In this series, the UAA team will list some of the interesting items that we have found in auctions, antique shops or eBay. We neither own the items or have the capability of examining the items in person in most cases. It mainly serves as an inventory record of what interests us (not necessarily in terms of value or investment opportunities) and possibly how much it fetches (if the result can be obtained). If you are serious about some lots, please contact the auction houses, dealers or eBay sellers directly.
1. Kaminski Auction, Dec 28, 2009. Lot 4236 Chinese cultural revolution banner
Although propaganda posters under red iron curtains are hot, especially after the exhibition “Art and China’s Revolution” in 2008 at the Asia Society, I have always been dubious about the true value of such banners or posters. It is ironic that the commonest print always becomes the scarcest. Anybody can buy a Whistler etching, but try to find a Victorian matchbox or a Chinese cultural revolution banner! The scarcity of such items, not their immediate visual pleasure that has given them a special niche in the market.
Similar to the experience for another banner that were auctioned in the same auction house in July, 2009, I am very curious about the dating of the banner. A Cultural Revolution banner does not necessarily mean that the banner was made in the Cultural Revolution period. 1849 does not make any sense for Chairman who was born in 1893. The Opium War happened nine years earlier. Neither is clear about the year 1971. In the age when a wrong word used in a speech will put one in jail or even cost one’s life, such mistakes would hardly happen on propaganda materials. (From the picture, the red color seems to have withstood aging and fading very well while the cloth itself looks being preserved carelessly. ) I would ask about the provenance if I were the potential buyer.
2. The Music of the Federal Era, Boscobel Restoration’s Barrel Organ CD
At one time you had to hire a servant to crank the barrel organ to hear this music. This organ is housed in Boscobel, a Federal-era home that overlooks the Hudson River in Garrison New York. At one time the organ was turned for guests touring the home, but in recent times recorded music played on a cd replicates the sound. The barrel organ consists of pieces of music encoded onto the barrel using metal pins and staples. Pins are used for short notes, and staples of varying lengths for longer notes. We were told on the tour these were sometimes called “hurdy gurdys.” While true, they were mistakenly referred to as such. A hurdy gurdy is a different instrament also operated by the turning of a crank. The cd is a great way to bring a little of the Federal era and Boscobel home. It’s available in the gift shop at a cost of $9.95.
Here’s a very affordable way to add an air of sophistication to your living room. You may think good antiques are expensive, but that’s not always the case. This seems like an exceptional painting and the estimates are low because the painter is unknown. If you’re looking at it as an investment, it might not be the safest way to go. Most people collecting antiques today do so not to make money, but because they enjoy them. Moreover, antinges and art, even by unknown artists will maintain their value better than a brand new painting on canvas. You may also enjoy the hours of research and inspection trying to determine who the artist was. If you are able to come up with an attribute, everything changes. That can’t happen with something from the mall.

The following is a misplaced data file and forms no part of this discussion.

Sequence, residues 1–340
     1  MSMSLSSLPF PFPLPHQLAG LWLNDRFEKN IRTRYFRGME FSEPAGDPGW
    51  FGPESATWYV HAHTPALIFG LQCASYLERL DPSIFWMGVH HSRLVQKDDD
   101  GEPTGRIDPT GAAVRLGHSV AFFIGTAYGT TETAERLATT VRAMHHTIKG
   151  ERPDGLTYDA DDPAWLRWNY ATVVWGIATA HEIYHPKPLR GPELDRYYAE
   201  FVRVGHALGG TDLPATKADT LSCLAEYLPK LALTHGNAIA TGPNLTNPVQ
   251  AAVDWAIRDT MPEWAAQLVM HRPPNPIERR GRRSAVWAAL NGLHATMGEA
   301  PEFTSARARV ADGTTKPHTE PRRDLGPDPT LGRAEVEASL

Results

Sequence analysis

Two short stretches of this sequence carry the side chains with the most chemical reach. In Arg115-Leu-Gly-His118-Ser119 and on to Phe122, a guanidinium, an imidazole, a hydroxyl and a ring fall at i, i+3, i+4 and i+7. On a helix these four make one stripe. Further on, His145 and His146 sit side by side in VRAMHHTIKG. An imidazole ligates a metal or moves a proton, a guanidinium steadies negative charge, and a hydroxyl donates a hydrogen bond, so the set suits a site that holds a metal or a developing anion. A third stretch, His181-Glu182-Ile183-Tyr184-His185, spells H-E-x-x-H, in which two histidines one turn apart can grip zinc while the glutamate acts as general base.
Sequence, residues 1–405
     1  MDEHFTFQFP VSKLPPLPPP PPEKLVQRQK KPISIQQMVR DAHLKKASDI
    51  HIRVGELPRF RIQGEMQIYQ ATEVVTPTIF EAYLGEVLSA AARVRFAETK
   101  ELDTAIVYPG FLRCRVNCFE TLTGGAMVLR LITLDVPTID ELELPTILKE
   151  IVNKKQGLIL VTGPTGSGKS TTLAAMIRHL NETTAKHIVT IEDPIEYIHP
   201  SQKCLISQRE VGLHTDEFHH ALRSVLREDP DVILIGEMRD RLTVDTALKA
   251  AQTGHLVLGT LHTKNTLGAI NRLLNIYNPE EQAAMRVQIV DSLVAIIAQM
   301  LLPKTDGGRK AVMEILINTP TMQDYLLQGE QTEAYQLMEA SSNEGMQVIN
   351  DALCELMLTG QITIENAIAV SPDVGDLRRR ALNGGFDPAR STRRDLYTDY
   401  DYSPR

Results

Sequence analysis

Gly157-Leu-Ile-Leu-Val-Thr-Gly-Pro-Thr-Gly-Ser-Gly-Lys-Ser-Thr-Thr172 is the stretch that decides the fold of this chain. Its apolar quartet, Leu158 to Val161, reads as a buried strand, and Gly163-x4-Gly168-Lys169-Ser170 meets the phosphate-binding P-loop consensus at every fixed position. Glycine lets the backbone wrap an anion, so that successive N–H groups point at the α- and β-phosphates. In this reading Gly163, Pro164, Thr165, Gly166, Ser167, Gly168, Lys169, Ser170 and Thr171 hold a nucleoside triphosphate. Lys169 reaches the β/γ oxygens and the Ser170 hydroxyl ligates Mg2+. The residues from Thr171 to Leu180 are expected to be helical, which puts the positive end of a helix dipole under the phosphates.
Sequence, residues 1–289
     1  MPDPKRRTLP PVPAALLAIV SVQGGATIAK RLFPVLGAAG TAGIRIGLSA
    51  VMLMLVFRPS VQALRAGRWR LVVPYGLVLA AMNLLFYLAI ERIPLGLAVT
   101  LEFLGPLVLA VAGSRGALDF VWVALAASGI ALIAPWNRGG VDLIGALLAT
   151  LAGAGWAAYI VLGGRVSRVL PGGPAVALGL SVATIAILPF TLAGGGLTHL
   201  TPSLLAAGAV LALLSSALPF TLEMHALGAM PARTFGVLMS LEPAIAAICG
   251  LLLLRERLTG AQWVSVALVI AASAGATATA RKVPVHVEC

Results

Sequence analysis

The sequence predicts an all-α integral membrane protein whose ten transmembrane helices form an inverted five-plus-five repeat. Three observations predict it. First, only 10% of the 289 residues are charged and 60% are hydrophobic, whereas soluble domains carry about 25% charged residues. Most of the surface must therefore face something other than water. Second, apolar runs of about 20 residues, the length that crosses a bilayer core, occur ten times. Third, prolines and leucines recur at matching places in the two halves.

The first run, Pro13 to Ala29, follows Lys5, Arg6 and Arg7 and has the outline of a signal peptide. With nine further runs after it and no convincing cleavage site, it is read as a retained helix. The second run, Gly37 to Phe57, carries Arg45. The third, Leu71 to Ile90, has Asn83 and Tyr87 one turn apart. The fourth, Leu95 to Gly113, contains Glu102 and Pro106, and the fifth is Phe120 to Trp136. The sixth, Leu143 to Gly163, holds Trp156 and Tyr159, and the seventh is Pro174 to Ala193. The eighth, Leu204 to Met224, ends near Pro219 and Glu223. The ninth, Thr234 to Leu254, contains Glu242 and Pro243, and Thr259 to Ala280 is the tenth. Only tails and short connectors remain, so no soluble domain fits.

4. Handel lamp base with Van Erp shade, Kaminski Auction, Dec 28, 2009, Lot 4110
While the auction description says this is a Van Erp shade, the lamp is by Handel. I don’t know if they were sold together or assembled later. My hunch is they a married later in life. Philip Julius Handel established the Handel Company in Meriden, Connecticut in 1876 and specialized in reverse painted lamp shades considered a less expensive alternative to the Tiffany. Handel bases were most commonly made of a zinc alloy, spelter with a bronze patina or finish. More rarely are they found in bronze. Both handel lamps. At auction, both names, Handel and Van Erp command premiums above the estimates given here, it remains to be seen what both in one lot can do. Here’s an Antiques Roadshow episode that features a Van Erp lamp.
5. Don Swann, Artist proof, etching of Monument Hill, Baltimore
Samuel Donovan [Don] Swann (1889-1954) studied art in Munich and in Rome but lived and worked in Baltimore. The focus of most of his etchings was historic Americana, particularly views of Maryland and Washington, DC. In 1939, Swann issued an illustrated book, Colonial and Historic Homes of Maryland, dealing with 18th century Maryland. The forward for the book was written by F. Scott Fitzgerald.
This is an artist proof. I have checked this particular etching with the numbered print and has found some interesting difference. For example, the upper left corner is darkened to indicate the sky, this was probably done by the artist who intentionally left somewhat a slim film of ink (manually) on the plate which was subsequently transferred to the paper. The commercial etchings tend to have a very dramatic sky while this one looks calmer. A close examination of the middle ground snow also indicates that he was in the process of burnishing to better suggest the snow on the top of bushes. If you don’t like the numbered prints issued by the publisher, an artistic proof is more or less one of the kind, mostly done or monitored by the artist, which in general leads to a better market appreciation. Link to item